Mr. Obama was just grandstanding back in 2006, White House spokesman Robert Gibbs essentially admitted.

If the ceiling isn't raised, the United States will default on its debts, an unprecedented event that would cause interest rates to spike, damage the dollar and destroy "millions of American jobs," Mr. Geithner said in a letter to Congress.

That's not so, said Sen. Pat Toomey, R-Pa. He noted tax revenues cover two-thirds of federal spending, and interest payments on the debt amount to only 6.5 percent of federal spending.

"If Congress refuses to raise the debt ceiling, the federal government will still have far more than enough money to fully service our debt," Sen. Toomey said. It will just have to stop spending on some other things.

We will have the consequences Mr. Geithner warned about anyway if the government keeps spending money the way it has. The national debt is now equivalent to the value of all the goods and services produced in the United States each year.

Eventually -- possibly soon -- investors will stop buying Treasury paper. Interest rates will spike. Either the federal government will go broke, or the Federal Reserve will print trillions of dollars out of thin air, triggering runaway inflation.

If the debt ceiling isn't raised, federal spending must be cut dramatically. Republicans in the House have proposed trimming $2.5 trillion over the next 10 years.

This is not as much as it sounds. The cuts essentially would reduce federal spending to what it was during President Bush's last year in office, when few thought the federal government was starved for funds.

Still, Democrats doubtless will claim the cuts Republicans propose would force widows and orphans to beg in the streets. The experience of our neighbor to the north suggests otherwise. In 1994, Canada's national debt was 67 percent of gross domestic product. Now it's less than 30 percent.

To do this, Canada cut its federal spending from 17.5 percent of GDP to 11.3 percent. (In the last fiscal year, our debt exceeded 94 percent of GDP.)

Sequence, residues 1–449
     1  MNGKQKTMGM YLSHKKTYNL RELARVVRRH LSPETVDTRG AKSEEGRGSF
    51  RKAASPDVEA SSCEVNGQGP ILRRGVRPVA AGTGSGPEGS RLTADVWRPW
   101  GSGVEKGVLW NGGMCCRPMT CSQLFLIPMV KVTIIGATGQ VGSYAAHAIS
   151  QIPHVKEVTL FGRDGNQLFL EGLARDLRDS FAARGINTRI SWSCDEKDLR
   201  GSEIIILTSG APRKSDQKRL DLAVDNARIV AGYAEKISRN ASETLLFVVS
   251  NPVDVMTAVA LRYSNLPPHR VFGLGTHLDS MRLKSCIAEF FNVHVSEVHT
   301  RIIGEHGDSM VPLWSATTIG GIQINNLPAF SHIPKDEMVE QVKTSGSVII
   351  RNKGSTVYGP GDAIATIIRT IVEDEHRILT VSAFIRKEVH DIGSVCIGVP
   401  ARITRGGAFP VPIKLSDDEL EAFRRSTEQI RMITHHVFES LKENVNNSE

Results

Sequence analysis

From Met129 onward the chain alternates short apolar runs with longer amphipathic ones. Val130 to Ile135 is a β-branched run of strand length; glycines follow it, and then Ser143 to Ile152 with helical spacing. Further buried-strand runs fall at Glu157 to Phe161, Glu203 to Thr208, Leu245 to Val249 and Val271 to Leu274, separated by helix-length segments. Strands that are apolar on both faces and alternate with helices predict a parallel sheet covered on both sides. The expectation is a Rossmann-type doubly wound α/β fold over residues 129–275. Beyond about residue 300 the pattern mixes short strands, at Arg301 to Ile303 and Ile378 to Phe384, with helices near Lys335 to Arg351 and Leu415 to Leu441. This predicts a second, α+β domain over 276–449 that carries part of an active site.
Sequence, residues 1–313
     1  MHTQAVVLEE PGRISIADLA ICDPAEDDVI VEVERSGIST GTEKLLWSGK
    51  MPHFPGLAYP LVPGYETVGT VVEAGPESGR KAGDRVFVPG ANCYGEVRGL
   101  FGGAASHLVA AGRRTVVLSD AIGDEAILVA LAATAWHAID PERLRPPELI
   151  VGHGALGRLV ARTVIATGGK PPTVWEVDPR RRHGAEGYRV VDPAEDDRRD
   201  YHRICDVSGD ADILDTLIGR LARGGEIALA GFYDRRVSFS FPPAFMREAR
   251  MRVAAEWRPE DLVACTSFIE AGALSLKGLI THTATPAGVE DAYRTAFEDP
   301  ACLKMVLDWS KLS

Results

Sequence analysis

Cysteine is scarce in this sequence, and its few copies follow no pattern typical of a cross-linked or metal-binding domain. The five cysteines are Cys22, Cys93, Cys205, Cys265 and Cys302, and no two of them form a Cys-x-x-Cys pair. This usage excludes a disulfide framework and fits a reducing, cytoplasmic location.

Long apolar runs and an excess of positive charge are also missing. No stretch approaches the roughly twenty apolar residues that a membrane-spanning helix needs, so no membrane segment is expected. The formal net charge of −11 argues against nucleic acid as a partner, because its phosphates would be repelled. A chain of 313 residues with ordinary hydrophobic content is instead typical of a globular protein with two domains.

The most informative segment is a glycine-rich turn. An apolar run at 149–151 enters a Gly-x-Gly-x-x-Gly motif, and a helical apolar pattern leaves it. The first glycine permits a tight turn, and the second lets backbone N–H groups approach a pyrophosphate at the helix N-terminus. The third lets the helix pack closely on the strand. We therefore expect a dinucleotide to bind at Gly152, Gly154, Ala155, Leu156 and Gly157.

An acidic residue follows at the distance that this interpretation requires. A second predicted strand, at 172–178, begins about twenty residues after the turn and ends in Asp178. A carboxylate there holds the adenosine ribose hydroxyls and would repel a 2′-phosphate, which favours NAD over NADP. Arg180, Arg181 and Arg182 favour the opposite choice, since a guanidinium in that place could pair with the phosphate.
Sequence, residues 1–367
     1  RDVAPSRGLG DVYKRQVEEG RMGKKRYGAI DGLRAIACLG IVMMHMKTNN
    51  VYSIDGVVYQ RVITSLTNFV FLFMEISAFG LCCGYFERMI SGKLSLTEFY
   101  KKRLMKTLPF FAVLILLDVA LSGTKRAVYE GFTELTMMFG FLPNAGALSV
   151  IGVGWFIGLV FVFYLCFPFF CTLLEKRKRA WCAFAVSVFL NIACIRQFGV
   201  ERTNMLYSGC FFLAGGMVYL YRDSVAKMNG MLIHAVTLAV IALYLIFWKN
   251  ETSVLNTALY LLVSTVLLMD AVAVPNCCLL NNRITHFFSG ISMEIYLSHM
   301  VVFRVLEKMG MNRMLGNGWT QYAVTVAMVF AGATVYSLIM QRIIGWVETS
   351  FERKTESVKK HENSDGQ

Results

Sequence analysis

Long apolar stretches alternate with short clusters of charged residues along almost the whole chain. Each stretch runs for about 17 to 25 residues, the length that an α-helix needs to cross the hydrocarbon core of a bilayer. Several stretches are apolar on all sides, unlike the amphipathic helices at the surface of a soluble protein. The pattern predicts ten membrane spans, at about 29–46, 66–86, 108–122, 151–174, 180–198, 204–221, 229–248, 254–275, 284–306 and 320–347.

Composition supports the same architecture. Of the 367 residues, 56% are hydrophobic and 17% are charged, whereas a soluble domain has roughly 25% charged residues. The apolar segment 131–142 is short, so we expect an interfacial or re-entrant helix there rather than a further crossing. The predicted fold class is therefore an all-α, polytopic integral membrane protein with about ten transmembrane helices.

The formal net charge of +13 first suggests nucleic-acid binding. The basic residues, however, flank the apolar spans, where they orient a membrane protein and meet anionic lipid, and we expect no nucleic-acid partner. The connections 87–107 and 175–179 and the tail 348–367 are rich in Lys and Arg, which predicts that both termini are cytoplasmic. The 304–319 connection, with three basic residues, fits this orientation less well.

Canada did this without pushing widows and orphans into snowdrifts. The budget cuts were accompanied by a higher rate of economic growth, a lower unemployment rate.

Canada's economy is healthier than ours. The unemployment rate there is 7.6 percent. Ours is 9.4 percent. Last year the Canadian economy grew faster than any other in the G-8, roughly twice as fast as ours did.

The showdown may come around March 4, when the continuing resolution funding the government expires. House Republicans likely will pass a funding bill that cuts money for programs they don't like. It's likely that Democrats in the Senate will turn it down or Mr. Obama will veto it, in the hope that people will blame Republicans if the result is a partial government shutdown. That's what happened in 1995 when President Bill Clinton faced off against House Speaker Newt Gingrich.

It may not work that way in 2011. A Reuters poll released Jan. 12 indicated 71 percent of Americans don't want the debt ceiling raised. Will the president listen to them?

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JWR contributor Jack Kelly, a former Marine and Green Beret, was a deputy assistant secretary of the Air Force in the Reagan administration.